This weekend, many of us will be getting together with family and friends, proudly waving the red, white, and blue, grilling hotdogs (or steaks, if you’re a politician and the huge jump in food prices doesn’t affect you), and setting off fireworks to scare all the dogs in the neighborhood. All in the name of Independence from the King of England hundreds of years ago. Our tea prices may have dropped temporarily, but sadly, they’ve returned to pre-dictator pricing. Along with everything else.
As an indie author, I feel your pain. Sure, I’m free from the tyranny (contract) of a big publishing house, but I’m also personally responsible for every aspect of putting my book together. I have independence from a deadline but sometimes thoughts of others taking care of the cover, the editing, the publicity, etc, makes me long for simpler times when all I had to do was spend half my life sending out query letters and waiting. I never got any books published in all those months and years I waited but at least I didn’t have to do my own promotions, right?
Which reminds me…
Independence Day shopping may be a bit tighter this year, but don’t worry. I would never let you spend your holiday weekend without a good book. Do I have the deal for you!
Now 40% off thru July 4th!
A Man Can Die but Once (reg.
4.99 now $2.99)
This is the 5th book in Blake & Shelby Gunner’s Double Barrel Mysteries series. Check out the free sample below:
A man can die but once.
(Henry IV, Part 2, Act3)
Leaning over the body of the mayor, he pressed two fingers to the man’s thick neck, searching for the carotid pulse. Faint but still detectable. Suddenly, he felt the man grip the ragged edge of his untucked shirt and tug him closer as though trying to say something. Eyes wide and staring, the mayor’s blue lips moved faintly, but only a mewling whimper sounded from the depths of his chest. Instinctively, he jerked away from the moist breath of vomit and death that accosted him, and the mayor’s white-knuckle grip was broken. The mayor fell back, pulling his arm in close to his body and appeared to curl around his pain, then he exhaled one last time and was gone.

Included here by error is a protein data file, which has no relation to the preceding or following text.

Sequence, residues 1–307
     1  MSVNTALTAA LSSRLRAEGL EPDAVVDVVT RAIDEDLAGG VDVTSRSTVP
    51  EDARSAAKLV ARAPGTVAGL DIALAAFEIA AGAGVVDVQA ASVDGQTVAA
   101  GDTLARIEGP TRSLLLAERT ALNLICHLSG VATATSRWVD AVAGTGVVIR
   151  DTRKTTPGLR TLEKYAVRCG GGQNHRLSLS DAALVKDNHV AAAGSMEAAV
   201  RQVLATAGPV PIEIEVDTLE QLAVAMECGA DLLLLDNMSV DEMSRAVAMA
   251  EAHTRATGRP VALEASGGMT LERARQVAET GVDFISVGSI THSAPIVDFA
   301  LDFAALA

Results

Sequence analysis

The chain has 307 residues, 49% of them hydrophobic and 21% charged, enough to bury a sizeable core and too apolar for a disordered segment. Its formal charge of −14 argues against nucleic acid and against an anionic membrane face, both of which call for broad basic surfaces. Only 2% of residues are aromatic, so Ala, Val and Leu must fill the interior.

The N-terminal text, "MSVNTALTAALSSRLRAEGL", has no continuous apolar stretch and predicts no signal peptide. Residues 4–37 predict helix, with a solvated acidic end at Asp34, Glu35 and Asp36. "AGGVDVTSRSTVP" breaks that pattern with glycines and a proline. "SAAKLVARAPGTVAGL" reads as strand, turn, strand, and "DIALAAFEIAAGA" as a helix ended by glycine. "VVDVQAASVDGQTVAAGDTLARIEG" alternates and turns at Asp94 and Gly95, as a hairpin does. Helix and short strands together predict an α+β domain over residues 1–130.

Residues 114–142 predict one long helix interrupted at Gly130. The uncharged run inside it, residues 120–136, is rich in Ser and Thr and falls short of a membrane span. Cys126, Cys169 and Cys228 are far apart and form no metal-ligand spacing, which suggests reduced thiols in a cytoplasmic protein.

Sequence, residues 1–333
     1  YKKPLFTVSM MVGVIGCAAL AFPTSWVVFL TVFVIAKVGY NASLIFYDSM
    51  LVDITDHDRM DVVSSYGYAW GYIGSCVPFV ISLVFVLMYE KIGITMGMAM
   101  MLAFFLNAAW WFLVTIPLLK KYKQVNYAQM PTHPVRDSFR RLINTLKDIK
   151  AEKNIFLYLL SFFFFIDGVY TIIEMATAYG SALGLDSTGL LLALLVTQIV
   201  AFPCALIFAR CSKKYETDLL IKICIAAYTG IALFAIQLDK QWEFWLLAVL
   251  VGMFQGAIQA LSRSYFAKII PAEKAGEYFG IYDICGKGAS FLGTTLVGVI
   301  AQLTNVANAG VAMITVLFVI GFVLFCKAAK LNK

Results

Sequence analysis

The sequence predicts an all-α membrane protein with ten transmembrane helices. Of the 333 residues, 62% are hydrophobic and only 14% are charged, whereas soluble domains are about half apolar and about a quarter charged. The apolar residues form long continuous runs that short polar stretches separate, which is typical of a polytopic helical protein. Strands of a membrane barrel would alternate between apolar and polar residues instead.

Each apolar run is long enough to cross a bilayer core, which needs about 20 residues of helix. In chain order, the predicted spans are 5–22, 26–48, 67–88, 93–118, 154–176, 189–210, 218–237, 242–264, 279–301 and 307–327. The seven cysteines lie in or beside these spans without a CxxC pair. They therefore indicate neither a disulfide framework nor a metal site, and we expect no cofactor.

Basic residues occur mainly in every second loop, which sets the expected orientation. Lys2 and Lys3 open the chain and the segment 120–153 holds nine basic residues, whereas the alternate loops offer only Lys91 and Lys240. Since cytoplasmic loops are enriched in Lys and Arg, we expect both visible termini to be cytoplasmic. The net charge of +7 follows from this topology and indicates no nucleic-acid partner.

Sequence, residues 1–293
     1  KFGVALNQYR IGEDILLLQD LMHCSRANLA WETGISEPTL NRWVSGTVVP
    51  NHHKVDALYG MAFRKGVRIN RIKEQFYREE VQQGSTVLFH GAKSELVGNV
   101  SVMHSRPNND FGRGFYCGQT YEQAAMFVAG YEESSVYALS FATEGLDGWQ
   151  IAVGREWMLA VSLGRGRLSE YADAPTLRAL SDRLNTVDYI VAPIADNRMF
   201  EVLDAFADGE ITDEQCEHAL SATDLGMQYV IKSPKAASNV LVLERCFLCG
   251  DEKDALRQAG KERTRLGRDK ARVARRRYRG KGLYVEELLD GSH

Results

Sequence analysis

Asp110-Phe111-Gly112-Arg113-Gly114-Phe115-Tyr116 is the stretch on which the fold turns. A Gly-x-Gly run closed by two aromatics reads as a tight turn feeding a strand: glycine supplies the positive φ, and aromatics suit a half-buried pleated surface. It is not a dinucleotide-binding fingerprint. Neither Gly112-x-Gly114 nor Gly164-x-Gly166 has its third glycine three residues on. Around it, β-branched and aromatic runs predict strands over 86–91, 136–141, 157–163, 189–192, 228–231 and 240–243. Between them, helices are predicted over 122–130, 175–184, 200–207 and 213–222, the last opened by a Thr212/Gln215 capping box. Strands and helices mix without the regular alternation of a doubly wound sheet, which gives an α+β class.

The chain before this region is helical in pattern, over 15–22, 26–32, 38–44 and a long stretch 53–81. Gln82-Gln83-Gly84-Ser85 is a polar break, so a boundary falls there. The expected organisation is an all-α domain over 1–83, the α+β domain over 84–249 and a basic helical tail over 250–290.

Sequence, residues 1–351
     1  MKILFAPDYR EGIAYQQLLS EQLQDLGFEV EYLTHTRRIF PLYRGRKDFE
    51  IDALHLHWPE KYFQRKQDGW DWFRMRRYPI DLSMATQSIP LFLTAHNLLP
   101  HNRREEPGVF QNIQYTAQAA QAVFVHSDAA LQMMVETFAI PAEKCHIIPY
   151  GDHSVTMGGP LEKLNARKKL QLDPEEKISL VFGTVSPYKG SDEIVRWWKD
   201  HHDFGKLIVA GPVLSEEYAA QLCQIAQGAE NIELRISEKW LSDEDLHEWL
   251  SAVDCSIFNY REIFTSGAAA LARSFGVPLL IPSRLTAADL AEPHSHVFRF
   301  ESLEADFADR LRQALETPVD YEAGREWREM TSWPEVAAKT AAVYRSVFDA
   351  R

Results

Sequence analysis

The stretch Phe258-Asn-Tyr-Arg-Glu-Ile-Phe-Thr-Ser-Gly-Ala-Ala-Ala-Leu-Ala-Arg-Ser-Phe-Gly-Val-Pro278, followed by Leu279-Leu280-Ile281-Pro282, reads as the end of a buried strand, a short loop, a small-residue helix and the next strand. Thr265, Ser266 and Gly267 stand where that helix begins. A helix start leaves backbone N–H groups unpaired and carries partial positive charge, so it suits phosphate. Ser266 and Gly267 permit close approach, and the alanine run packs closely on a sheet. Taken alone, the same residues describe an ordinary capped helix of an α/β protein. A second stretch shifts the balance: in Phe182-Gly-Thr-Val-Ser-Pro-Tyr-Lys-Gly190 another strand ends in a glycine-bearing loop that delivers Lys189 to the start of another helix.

Slowly, he straightened, standing tall over the mayor’s body, his stance relaxed. Purposefully at ease. Closing his eyes, he allowed his adrenaline-laced heartbeat to slow and his breathing to return to normal. No matter how many times he’d watched men die, he still felt a weight of darkness envelope his soul. A feeling he had to fight with every breath in his body. Exactly sixty seconds later, he opened his eyes and stared down on the ashen-faced man crumpled at his feet.
Everyone talked about this man. Locals either hated him or despised him. Some thought he was a necessary evil. A nasty, pushy politician could get things done for the town that nice people could not. But he’d never run across anyone who loved and respected him.
The great Farley Jones. The man who would be king… or at least, mayor of Port Scuttlebutt. He used people. Connived. Pressured. Even blackmailed them into doing his dirty work or going along with him in some unsavory deal or another. He’d heard the tales, but until recently, he’d never had the opportunity to see the man at work in person.